Naturism as a Religion

Spiritual practice as a naturist - is this religious?

Spiritual practice as a naturist – is this religious?

I didn’t get to meditate as yesterday as we were travelling to visit our youngest child’s home which is about a six hour drive. Once there, our youngest grandchild. a five year old boy, filled up the rest of the day. Not meditating wasn’t felt as a loss as the gift of unconditional relationship and regard was just as spiritual as meditation, perhaps even more so. If there is no spiritual connection in my day, I feel myself a poor man.

Strangest thing that I learn as I age is that time spent clothing free is vital to my well being. Too many days without  conscious time spent nude (I don’t count sleeping time even though I always sleep nude) and my spirit gets very agitated. It’s as though I find myself going though a period of withdrawal. Yet as soon as I get to meditate au naturel, or be blessed with being bathed with the sun, I find myself in peace and at one with what I can only call “spirit.” It almost feels as though I have entered a form of religious ecstasy. Could it be that naturism is yet another expression of that religious yearning and nature of human kind?

11 thoughts on “Naturism as a Religion

  1. Naturism places me immediately into a state of meditation. Without that daily time I am lost.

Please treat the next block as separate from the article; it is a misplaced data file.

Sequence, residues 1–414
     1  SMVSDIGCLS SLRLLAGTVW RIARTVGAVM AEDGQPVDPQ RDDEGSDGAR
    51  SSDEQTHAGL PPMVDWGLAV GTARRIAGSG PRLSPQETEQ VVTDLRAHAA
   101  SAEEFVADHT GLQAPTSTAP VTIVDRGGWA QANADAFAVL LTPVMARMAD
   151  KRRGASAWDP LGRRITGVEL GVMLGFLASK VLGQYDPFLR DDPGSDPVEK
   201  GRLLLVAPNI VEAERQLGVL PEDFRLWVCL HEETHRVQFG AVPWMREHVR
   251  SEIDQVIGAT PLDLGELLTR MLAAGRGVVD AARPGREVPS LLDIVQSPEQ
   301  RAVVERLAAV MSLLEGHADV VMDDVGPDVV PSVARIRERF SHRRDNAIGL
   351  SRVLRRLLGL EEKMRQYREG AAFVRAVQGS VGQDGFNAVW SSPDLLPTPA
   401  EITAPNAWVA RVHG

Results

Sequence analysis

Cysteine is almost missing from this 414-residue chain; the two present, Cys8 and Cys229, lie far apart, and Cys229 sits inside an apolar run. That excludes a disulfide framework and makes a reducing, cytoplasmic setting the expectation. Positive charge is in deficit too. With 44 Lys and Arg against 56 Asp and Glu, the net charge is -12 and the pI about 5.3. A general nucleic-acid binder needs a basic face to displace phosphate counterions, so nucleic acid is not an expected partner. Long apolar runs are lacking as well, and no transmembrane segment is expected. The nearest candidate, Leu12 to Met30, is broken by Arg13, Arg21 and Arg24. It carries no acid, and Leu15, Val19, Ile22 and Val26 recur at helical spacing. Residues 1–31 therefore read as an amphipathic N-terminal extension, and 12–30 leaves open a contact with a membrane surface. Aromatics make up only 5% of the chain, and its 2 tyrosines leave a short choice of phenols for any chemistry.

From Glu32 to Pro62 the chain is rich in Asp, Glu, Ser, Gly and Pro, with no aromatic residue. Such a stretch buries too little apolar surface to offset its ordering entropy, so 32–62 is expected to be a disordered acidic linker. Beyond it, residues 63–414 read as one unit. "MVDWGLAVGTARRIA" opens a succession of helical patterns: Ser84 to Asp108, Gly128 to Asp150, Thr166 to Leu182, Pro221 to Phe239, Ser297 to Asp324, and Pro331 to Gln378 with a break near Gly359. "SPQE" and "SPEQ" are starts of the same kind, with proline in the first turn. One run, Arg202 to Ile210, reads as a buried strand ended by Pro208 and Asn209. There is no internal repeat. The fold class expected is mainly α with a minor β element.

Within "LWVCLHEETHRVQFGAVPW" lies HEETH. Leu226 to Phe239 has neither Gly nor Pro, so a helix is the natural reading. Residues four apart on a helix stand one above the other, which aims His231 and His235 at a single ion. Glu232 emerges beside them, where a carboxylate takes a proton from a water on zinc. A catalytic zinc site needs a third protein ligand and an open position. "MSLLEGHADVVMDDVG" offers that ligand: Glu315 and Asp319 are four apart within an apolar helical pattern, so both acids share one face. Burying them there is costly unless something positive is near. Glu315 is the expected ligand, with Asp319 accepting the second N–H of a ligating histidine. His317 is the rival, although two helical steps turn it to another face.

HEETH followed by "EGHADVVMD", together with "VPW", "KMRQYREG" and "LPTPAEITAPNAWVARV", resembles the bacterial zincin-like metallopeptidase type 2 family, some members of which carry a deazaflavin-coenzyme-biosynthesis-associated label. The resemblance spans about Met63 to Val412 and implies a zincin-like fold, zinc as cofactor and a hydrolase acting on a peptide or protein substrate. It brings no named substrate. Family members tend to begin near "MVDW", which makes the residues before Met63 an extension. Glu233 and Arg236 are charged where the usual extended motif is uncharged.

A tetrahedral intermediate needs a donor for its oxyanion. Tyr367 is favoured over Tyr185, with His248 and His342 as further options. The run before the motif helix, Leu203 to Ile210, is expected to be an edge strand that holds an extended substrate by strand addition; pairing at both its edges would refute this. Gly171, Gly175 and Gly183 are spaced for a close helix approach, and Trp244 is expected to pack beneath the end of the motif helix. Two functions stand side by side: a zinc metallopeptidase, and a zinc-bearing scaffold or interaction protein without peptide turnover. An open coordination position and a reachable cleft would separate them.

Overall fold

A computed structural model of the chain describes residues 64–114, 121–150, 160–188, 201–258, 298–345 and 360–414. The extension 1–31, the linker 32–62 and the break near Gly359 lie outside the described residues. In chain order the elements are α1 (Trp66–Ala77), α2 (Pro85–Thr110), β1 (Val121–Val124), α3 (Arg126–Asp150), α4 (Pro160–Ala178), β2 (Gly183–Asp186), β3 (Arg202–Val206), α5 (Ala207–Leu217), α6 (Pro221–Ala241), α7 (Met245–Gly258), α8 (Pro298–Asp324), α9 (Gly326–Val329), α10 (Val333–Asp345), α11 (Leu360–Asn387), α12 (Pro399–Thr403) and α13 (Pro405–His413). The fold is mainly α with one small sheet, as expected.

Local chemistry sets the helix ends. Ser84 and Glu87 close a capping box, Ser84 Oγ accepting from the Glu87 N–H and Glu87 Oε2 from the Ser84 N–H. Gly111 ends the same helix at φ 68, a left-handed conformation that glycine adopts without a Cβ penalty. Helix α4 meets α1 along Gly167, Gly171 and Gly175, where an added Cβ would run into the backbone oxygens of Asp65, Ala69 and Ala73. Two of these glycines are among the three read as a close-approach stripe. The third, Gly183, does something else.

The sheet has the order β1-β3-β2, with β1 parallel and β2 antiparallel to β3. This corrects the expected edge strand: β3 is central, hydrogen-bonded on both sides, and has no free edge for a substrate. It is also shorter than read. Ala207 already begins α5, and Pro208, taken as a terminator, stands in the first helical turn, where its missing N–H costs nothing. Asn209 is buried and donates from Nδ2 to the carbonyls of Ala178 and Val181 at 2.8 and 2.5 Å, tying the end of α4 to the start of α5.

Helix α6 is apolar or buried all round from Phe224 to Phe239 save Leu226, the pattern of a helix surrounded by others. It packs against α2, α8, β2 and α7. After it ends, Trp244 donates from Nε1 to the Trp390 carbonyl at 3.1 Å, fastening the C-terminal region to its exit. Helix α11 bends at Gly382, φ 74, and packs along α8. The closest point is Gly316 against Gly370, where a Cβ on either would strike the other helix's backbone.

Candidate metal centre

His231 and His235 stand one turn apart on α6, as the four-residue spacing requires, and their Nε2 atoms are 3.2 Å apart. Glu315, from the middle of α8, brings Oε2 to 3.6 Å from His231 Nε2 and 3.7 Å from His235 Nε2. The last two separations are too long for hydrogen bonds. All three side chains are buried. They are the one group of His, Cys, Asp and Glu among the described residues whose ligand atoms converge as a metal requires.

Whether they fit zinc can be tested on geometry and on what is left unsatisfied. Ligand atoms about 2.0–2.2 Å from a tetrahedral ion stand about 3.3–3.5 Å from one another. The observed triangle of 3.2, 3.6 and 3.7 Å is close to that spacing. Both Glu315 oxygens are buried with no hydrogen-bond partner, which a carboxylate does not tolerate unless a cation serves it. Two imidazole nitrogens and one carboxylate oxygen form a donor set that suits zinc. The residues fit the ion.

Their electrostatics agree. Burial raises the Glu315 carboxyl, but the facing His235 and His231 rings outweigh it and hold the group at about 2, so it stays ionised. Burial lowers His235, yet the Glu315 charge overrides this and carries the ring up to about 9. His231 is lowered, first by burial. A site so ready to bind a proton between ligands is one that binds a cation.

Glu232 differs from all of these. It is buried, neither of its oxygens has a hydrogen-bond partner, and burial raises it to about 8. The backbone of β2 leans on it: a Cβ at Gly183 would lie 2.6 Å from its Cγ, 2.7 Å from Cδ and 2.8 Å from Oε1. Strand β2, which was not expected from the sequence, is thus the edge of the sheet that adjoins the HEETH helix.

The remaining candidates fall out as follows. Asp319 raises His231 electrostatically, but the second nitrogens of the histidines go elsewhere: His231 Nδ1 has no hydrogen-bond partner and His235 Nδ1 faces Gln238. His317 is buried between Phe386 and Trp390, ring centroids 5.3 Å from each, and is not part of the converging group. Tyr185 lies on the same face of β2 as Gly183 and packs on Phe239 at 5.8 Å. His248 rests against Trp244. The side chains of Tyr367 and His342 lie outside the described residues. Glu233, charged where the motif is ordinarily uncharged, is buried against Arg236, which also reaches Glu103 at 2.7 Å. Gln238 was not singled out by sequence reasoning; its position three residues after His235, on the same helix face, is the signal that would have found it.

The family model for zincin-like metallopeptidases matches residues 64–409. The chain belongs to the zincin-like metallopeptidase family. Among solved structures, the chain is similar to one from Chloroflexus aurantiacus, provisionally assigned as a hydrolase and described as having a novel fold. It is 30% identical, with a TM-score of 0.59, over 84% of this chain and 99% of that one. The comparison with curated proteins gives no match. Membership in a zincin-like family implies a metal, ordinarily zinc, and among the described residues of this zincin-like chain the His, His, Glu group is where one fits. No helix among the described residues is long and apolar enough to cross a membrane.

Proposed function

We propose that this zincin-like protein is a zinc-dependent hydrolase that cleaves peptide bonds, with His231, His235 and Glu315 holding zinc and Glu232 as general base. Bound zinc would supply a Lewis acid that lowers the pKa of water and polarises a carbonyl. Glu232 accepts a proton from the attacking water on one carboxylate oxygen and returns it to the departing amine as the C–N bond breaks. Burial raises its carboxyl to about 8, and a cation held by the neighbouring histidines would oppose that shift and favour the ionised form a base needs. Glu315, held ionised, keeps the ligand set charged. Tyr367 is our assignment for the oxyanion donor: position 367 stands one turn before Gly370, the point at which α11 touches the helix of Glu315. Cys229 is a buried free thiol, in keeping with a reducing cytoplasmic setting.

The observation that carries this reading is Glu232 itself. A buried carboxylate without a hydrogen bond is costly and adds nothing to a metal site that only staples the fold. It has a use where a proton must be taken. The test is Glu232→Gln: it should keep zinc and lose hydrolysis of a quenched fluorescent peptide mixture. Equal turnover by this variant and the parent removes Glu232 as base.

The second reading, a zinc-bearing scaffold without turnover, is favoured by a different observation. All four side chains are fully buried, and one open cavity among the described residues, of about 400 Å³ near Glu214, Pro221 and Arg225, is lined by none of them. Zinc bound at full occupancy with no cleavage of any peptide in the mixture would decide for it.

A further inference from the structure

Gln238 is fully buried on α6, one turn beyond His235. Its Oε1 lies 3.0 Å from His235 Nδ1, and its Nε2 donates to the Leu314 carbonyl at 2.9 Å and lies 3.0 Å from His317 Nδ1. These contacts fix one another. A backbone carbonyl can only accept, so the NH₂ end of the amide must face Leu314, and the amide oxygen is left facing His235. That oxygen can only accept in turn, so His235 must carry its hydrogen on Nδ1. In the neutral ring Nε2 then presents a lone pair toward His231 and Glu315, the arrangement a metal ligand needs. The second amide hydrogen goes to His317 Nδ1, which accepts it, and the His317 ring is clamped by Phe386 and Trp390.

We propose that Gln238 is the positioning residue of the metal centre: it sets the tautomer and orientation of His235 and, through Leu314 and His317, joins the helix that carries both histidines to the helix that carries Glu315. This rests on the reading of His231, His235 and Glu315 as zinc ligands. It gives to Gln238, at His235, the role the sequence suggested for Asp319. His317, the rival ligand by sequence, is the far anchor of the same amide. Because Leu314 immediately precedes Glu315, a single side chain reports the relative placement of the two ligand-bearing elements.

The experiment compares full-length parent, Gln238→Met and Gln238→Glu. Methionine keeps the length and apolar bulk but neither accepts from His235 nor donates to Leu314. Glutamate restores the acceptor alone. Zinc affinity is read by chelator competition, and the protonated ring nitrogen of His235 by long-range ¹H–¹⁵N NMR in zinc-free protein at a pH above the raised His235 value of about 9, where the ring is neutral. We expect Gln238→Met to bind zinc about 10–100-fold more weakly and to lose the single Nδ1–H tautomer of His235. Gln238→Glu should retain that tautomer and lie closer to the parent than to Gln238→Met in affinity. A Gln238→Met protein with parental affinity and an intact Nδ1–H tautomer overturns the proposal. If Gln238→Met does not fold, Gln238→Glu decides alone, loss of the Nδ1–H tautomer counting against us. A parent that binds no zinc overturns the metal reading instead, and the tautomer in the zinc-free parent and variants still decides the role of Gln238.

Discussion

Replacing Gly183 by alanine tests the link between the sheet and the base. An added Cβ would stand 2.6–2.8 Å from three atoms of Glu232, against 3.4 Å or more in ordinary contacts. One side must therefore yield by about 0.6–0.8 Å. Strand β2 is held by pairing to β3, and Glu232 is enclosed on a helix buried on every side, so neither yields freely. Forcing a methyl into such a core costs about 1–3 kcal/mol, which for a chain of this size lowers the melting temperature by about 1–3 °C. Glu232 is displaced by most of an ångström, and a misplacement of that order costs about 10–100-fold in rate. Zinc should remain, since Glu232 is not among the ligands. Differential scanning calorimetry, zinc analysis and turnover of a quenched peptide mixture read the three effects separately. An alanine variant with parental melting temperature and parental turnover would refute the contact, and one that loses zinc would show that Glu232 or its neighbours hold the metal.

My naked meditation time is vital to me – and yes it is a religion – because during that time I feel much closer to God and my fellow man.
    Finn

    • Thanks, Malcolm. This makes a good starting point. However, naturism is even more than this for some people such as myself, and that is where I am coming from.

  2. This is something that I have started noticing in myself also… I find that I need to spend time outside, preferably in a nature setting (trail, or lakeside), at least 3-4 times per week; or I’m am ‘unsettled’

  3. Pingback: Naturism as a Religion | Nomad, Geek, Nudie

  4. I definitely experience withdrawal during days when I have to be in clothing for longer periods of time, especially when clothed and out and about among others.

    When I spend time clothes free, I feel a kind of ongoing hum of reflection underneath the surface, as of self-inquiry is a more consistent conversation happening.

    I also notice a difference in how I respond to the things around me. For instance, lately, I observe a difference in how I am around bugs. Normally, I scream at the top of my lungs whenever I see them. But when I am outside clothes free rather than retract or squeal I often stay and watch. Even if one lands on me, I don’t draw away as much as I would otherwise.

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